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Up to now, I have been looking at myself, at my product (or service) and have not really tested my ideas. The time has come for me to check if I can offer my product (or service) to the public, and can I make a profit from my efforts. Will people pay for it and can I start a business on this idea?

Marketing, as it is called, has been described as the art of making a profit while offering people what they want. To find out, I will have to do some marketing research (another big word) ; it only means that step by step I will first find the answers to the following questions, so here goes:

a) What is the physical size of my market (geographical boundaries)?

b)   Is my product (or service) what people are ready to pay for?

c) Who is my competition and what are they doing in the market?

If I proceed logically, step by step, I can do most of the work myself, here is how:

a)   How extensive is my market?

To fix its boundaries, I need a detailed map of the area I consider as my market. On the map, I draw heavy lines all around the geographical area I have chosen as my market. I can usually find such a map at City Hall. I have now started on the first step of my market research, and, I must admit it was not too difficult.

b)   Will people pay for my product or service?

The best way to find this out is to look in the Yellow Pages, find the heading that describes my product, trade or service, and list the names and address of businesses supplying a similar product or service as the one I will use to start my own business. A simple telephone call to several businesses on my list will tell me how much people are willing to pay for competitive products or services. I will note down these prices, how people pay (per unit, per hour, per dozen, per weight, etc.) , try to get descriptive pamphlets and as much information as possible about the competitive product or service. Writing these information into a complete list of the characteristics of the competing products or services and rank them, from best to worst. Next, I will write a full description of my future product, listing the advantages over competing products or services already in the market. I will also list shortcomings, as now is the time to make improvements. I next must consider the price I am going to charge, in relation to competitor's prices. More? Less? Why?  To be successful, I must make a profit and for the moment I can tentatively set my price. Later, I will take a more sophisticated approach. I now have found that people are willing to pay for products or services similar to mine, I have made my comparisons and have found that my idea had advantages on the competition. I can now proceed to the next question.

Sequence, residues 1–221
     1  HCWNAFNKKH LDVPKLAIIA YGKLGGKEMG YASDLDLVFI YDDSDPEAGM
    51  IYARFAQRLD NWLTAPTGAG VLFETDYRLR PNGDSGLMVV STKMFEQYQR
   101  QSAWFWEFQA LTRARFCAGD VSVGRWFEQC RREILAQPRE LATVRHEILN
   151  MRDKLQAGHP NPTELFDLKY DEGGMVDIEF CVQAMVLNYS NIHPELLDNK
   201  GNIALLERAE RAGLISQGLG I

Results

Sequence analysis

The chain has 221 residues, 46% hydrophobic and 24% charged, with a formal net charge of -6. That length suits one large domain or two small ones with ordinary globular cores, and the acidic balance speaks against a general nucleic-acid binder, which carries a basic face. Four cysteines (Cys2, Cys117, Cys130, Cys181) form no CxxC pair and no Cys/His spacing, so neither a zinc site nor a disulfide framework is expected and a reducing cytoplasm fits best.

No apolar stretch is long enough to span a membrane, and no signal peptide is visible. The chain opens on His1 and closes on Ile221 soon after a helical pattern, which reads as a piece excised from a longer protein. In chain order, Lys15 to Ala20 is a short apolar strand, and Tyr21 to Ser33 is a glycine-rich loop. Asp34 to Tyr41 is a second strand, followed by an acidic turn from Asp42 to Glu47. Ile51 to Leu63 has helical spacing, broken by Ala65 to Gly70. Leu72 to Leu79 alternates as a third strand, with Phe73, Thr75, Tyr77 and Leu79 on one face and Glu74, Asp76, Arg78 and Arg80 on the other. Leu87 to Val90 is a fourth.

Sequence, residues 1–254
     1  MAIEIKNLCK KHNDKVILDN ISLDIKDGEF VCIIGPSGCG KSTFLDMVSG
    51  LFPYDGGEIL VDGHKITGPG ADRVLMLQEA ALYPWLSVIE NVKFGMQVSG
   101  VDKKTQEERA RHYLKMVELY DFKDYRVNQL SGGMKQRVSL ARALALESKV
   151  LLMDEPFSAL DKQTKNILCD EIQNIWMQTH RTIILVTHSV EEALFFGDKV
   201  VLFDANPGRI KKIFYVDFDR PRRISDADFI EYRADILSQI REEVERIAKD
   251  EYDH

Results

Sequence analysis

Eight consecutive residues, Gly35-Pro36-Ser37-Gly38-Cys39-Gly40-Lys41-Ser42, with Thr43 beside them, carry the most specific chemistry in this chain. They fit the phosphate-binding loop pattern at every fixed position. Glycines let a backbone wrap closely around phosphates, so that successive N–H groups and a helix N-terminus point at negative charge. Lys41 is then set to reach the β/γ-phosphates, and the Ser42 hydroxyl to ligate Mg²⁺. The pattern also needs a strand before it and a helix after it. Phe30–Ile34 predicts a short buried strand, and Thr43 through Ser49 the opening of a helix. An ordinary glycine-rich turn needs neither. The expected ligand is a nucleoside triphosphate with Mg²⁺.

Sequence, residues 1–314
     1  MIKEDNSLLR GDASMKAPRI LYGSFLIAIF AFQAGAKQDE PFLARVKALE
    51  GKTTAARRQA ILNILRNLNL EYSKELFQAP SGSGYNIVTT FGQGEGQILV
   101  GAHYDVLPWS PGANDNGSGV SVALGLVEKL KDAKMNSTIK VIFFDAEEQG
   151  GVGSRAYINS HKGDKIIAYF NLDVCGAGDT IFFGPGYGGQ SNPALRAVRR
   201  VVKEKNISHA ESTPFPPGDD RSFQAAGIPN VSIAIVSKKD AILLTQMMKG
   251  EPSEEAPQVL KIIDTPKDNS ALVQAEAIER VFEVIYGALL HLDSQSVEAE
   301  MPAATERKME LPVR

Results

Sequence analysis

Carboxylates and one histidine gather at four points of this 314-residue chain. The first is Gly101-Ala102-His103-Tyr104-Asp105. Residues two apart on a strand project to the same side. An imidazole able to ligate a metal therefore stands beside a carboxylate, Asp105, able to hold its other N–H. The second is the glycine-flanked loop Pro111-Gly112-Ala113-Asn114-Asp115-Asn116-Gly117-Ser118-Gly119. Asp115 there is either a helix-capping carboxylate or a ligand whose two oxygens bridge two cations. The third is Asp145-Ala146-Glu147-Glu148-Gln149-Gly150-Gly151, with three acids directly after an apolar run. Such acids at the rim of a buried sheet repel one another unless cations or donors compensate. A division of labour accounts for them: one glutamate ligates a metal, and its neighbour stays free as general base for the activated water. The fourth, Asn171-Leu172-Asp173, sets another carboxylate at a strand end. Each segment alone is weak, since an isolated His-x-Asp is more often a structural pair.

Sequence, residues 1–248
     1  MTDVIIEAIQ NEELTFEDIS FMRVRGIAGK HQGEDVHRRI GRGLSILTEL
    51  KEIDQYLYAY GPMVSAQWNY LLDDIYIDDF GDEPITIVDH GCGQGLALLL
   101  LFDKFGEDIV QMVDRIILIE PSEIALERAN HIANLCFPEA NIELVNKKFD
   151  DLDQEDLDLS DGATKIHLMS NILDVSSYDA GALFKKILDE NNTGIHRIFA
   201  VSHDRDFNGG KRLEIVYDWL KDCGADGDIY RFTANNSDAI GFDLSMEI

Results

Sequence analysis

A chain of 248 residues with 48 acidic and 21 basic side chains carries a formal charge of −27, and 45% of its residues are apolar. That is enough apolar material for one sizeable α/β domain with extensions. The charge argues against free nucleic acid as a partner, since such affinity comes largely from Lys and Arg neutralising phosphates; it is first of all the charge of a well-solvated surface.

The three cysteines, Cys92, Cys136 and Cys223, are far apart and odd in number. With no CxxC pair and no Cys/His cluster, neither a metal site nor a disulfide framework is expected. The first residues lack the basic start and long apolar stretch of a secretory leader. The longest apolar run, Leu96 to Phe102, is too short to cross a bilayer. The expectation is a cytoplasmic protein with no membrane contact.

c) Who is my competition and where is it?

From the Yellow Pages and the list I have drawn up, I know who my competitors are in general, but in my market, who will I be competing with? When I marked the boundaries of my market on the detailed map of my area, I had made a decision that, at least to start with, this would be the extent of my market. Using the list of my competitors, I will select the ones located within my market, mark their location on my map and study the map to see if there are gaps, where there are no competitors, or where there is a heavy concentration of them. This visual check of the competition will help me ask the necessary questions concerning the location of my business. Why is there no competitor in that corner of my market? Why are most of the competitors bunched so close together? The answer to these questions can save me from making a mistake in the physical location of my new business. Posing as an interested customer, I can visit all or most of my competitors, within my market, to learn about prices, credit terms, methods of payment, displays, promotions, repair or service policies, the acceptance or not of credit cards, listen to sales pitches and get all the information I can, as to what the competitors are doing and how they are doing it. I will keep a diary of all the good ideas I come across. They must do some things right remain in business.

At this point I know a lot more of the market than I used to before I started this exercise THE MARKET does not look as puzzling as before, but there are still more questions to answer.      WORKSHEET